The Stories: Since humans will never know what comes after the holocene epoch (we'll have become extinct) the word reminds her to live in the moment and that we're all small fish in a big pond. The owl is constructed out of mandalas, a Hindu and Buddhist symbol of the universe. She got it to commemorate her late grandfather, she said: "He was a hoot! And hard of hearing."
Victoria Smith Dubraska Sosa


Real Name: Dubraska Sosa
Time with PRD: Three years
Her Favorite Philly Spot: The Philadelphia Museum of Art Sculpture Garden for its tranquility and beauty.
Her Tattoos: A set of brass knuckles set with the words "what goes around comes around" and "La Diabla" on her right forearm and an anchor on her left forearm (below). Her left upper arm, (above, right) features a mermaid, a unicorn seahorse and sea clams.
The Stories: When Sosa skated with Pittsburgh's Steel City Roller Derby (where her derby name was La Diabla) she and her fellow skaters received free tattoos after winning a bout, hence the brass knuckles. The nautical-themed tattoos on Sosa's left arm all represent her upbringing in by the beach Venezuela. Eventually, she will link her seaworthy tattoos into a half sleeve design.

Whacks Poetic

Real Name:
Heather Kuiper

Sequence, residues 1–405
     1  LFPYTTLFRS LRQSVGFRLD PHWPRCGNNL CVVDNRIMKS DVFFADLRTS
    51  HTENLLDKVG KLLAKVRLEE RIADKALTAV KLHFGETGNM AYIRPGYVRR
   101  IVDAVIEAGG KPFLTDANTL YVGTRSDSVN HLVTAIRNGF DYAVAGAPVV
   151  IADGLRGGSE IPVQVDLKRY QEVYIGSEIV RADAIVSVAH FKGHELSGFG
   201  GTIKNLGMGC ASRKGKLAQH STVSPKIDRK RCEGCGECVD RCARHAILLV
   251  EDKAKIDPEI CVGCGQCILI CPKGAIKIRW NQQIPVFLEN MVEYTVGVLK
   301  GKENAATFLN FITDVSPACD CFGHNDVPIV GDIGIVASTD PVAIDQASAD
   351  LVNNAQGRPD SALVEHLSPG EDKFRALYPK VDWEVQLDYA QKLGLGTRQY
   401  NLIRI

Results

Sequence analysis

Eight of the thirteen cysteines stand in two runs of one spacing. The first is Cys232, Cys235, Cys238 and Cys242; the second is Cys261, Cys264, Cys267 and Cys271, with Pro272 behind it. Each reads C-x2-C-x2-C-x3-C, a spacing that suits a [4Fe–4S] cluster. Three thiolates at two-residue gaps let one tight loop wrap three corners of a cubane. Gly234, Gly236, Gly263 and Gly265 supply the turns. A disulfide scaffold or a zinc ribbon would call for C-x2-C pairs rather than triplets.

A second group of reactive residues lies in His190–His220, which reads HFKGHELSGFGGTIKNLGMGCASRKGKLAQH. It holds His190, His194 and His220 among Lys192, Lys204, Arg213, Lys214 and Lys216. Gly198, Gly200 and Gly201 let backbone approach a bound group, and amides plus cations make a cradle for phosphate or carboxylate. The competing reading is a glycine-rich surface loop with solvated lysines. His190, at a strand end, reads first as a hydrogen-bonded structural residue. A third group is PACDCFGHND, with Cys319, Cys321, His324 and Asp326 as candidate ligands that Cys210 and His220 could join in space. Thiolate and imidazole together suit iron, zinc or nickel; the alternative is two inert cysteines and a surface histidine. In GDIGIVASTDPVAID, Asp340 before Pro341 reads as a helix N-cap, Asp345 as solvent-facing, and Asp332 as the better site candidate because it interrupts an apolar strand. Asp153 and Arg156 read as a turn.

Time with PRD: 18 months
Her Favorite Philly Spot: The Philadelphia Museum of Art, where Kuiper likes to hang out in its serene gallery spaces and Impressionist exhibits.
Her Tattoos: A ring of fire and water with the words "hope" and "dream" on her right ankle (above), as well as a cross of two hammers with the initials "H. C. R. G." (below, left).
The Stories: The words written in cursive on Kuiper's ankle serve as a dash of inspiration while the crossed hammers remind her of her time with the Hammer City Roller Girls in Hamilton, Ontario. She and 17 of her teammates got them together as a team tradition, shortly before Kuiper moved away!

Russian Bayou

Real Name: Leah Yancoskie
Time with PRD: One year
Her Favorite Philly Spot: Pizza Brain, where she loves the "Jane" pie.
Her Tattoos: A sprawling pair of wings on her back topped by an abstract cat illustration (above, right).